X-Men's Hugh Jackman Kicks Off Movie Season

You may still need a jacket to go to the theater, but Hollywood has declared the start to the summer movie season, and X-Men's Hugh Jackman is already seeing his star rising.

Jackman's turn as Wolverine in the original X-Man three years ago was a star-making performance. This weekend the sequel X2: X-Men United heralded the start of summer action movie releases in fine style, debuting with $85.85 million domestically.

That's the fourth-best opening-weekend gross ever and a 58 percent increase over the original blockbustser.

Still, Jackman told Good Morning America that it's hard to think of himself as a muscle-bound action hero. To get in shape to play Wolverine, he even jokes that the studio had to whip him into shape with a personal trainer and nutritionist.

"I think they thought of an Australian's version of a diet is six beers a day instead of 12," says Jackman, 34, who shows a lot more of himself in the new film, including one chase scene when he's running down a tunnel virtually nude.

"I was assured that I was backlit very heavily," he jokes. "I'll have to check it out on the DVD." Is Jackman Too Beautiful to Kid Himself?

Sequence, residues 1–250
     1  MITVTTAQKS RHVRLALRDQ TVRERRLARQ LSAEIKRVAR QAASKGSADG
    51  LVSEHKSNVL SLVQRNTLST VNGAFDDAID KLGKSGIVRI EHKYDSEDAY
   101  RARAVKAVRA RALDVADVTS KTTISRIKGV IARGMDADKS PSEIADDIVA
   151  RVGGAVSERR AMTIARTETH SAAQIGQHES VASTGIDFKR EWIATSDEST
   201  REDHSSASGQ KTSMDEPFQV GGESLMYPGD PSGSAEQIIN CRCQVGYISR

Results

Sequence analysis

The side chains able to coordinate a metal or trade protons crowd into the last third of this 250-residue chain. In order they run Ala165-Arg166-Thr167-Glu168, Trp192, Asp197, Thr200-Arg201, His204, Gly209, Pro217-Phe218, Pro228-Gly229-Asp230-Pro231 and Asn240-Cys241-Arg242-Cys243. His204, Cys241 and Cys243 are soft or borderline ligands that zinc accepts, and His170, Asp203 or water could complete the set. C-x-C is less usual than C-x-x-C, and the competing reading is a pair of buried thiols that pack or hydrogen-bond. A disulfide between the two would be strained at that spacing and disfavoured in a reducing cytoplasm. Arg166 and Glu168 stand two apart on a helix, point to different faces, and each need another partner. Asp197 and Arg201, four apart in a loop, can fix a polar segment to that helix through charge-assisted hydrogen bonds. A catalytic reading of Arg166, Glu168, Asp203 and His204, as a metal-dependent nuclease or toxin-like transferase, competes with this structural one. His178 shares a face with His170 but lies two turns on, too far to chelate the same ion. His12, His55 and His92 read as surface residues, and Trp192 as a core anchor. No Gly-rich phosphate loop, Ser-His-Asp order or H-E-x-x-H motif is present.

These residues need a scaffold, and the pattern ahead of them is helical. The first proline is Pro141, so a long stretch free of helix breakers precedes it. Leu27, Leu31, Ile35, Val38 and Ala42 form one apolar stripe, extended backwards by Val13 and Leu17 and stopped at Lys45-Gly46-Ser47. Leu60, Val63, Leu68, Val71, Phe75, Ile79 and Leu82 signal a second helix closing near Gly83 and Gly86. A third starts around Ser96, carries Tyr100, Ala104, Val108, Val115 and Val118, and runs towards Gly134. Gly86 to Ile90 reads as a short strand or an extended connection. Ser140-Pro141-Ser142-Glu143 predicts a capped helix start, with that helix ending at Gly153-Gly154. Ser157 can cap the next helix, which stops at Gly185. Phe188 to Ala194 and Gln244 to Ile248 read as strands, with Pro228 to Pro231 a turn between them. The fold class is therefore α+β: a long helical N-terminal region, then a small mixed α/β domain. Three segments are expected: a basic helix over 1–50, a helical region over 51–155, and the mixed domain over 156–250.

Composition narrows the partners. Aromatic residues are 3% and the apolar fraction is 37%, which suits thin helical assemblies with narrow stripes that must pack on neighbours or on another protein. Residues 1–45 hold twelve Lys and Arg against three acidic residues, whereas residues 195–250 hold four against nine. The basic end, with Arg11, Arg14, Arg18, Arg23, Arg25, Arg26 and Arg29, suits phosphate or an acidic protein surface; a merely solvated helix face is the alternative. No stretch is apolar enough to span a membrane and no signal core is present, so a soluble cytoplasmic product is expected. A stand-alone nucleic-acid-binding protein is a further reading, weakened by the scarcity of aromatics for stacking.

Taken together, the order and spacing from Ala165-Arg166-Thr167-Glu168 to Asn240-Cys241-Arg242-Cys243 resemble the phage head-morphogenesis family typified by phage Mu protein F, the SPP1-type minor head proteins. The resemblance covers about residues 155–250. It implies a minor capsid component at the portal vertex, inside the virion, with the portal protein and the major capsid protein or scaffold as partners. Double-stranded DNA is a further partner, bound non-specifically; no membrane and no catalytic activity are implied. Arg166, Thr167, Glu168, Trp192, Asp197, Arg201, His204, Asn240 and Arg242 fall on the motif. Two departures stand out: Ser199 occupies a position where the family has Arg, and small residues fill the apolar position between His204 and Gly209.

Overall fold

Jackman might not find it easy to make fun of his looks. Last week, he was named to People magazine's list of the 50 most beautiful people, with the magazine saying he possessed "the sexiest smolder in superherodom."

Jackman hasgrown his hair long, shedding his X-Man look. In his new film Van Helsing, set in 1898, he plays a vampire hunter. But he says he has a bigger reason for the new look: "My wife loves long hair," he says.

"My wife braids my hair at night," he says. "It's not very sexy."

In the new X-Men movie, Jackman is reunited with Patrick Stewart, Ian McKellen, Halle Berry, Famke Janssen and Rebecca Romijn-Stamos as mutants with superhuman abilities that include telepathy and shape-shifting.

The sequel teams good and bad mutants against a human enemy who has hatched a plan to destroy their race.

Teenagers can relate to the mutants, Jackman says. "This movie is a lot about accepting people who are different," he says.

But beyond that, X-Men is a good time. On the set, while in his Wolverine costume, Jackman admits that he put marshmallows on his claws to get a laugh out of his cast members. More Box Office Marvels to Come

The X-Men boost at the box office couldn't come at a better time for Hollywood, which has been in a slump so far this year.

Even with the big opening this past weekend, the top 12 movies grossed $140.8 million, off 7.6 percent compared to the same weekend last year, when Spider-Man debuted and set a weekend box office record at $114.8 million.

The first two Harry Potter movies had the second- and third-best openings, $90.3 million for Sorcerer's Stone and $88.4 million for Chamber of Secrets.

X-Men is based on a Marvel comic book title and follows a string of superhero-inspired movies, including Spider-Man, Daredevil and Blade II. Marvel's The Hulk opens next month.

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